Mobile e-mail start-up Visto Corp. has sued Microsoft Corp. for allegedly infringing three of its patents related to how information is handled between servers and hand-held devices such as cellular phones.
The lawsuit, which seeks unspecified monetary damages and a permanent injunction to stop the alleged infringement, was filed late Wednesday -- the same day Redwood Shores, Calif.-based Visto announced that NTP Inc. had acquired an equity stake in the start-up and signed a patent licensing deal.
Visto's allegations against Microsoft and its Windows Mobile 5.0 are similar to Arlington, Va.-based NTP's against Research in Motion Ltd., a Canadian company that is facing the possible shutdown of its popular BlackBerry messaging service in the United States.
"Windows Mobile 5.0 is an infringement of Visto's intellectual property of a technology that our firm created, patented and successfully sells on the market today," Visto Chief Executive Brian Bogosian said Thursday.
Jack Evans, a Microsoft spokesman, said the Redmond, Wash.-based company had not been served with the lawsuit.
"Until we have an opportunity to see and review this complaint, we're not in a position to comment on it," he said. "Microsoft stands behind its products and respects intellectual property rights."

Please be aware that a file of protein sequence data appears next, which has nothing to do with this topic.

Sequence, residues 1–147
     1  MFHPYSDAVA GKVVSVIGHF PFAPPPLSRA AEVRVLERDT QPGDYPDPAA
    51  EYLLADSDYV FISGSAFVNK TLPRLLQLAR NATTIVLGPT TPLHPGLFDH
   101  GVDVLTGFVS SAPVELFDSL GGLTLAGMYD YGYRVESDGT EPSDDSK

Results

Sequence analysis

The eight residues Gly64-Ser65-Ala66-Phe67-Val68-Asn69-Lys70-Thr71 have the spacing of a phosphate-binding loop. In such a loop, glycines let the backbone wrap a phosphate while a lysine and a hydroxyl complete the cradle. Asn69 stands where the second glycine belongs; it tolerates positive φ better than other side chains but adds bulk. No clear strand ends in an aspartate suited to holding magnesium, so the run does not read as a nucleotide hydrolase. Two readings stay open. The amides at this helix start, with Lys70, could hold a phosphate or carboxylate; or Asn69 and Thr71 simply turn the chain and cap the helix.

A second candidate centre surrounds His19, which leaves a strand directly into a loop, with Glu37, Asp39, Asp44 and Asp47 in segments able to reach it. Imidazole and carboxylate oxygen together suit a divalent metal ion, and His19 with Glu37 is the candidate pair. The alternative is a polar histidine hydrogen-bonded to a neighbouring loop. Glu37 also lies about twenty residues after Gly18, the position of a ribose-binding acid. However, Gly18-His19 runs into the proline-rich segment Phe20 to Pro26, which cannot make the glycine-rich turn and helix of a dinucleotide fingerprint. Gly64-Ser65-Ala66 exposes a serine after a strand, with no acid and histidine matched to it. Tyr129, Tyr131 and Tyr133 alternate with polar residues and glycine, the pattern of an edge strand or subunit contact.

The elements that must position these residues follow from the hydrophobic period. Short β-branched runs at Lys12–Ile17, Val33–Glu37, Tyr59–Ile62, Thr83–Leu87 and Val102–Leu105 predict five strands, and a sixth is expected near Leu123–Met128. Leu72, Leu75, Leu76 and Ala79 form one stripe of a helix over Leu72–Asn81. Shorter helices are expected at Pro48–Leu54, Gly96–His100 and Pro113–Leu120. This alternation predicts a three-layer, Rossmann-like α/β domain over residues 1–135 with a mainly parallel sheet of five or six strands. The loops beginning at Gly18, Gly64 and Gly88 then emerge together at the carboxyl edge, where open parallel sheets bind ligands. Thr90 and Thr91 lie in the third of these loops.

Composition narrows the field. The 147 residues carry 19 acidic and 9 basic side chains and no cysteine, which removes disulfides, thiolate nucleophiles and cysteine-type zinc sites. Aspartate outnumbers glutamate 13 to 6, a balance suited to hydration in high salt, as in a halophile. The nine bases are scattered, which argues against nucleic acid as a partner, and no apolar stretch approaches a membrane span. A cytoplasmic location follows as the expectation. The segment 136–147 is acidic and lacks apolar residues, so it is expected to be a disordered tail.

Visto alleges that with portable devices handling more e-mail, Microsoft is making matters worse by bundling its Windows Mobile operating system with its market-leading Exchange e-mail server.
"This method of bundling software has led Microsoft to be prosecuted by competition authorities in the past, and in this case, potentially increases the rate and manner in which their infringement on Visto's patents occurs," the start-up company said.
NTP's deal with Visto could help it bolster its case against Research in Motion as it can now say it is more than a company that just holds patents and litigates to enforce them. Under the agreement, Visto will have access to NTP's patent portfolio for the life of the patents.
"This is a clear win for mobile e-mail users everywhere as it provides them with a viable alternative to [Research in Motion] that protects them from any NTP litigation risk," said Donald E. Stout, NTP's co-founder.
Visto said its clients included Cingular Wireless, Sprint Nextel Corp., Vodafone Group and Rogers Wireless. It has more than 300 employees and holds 25 patents.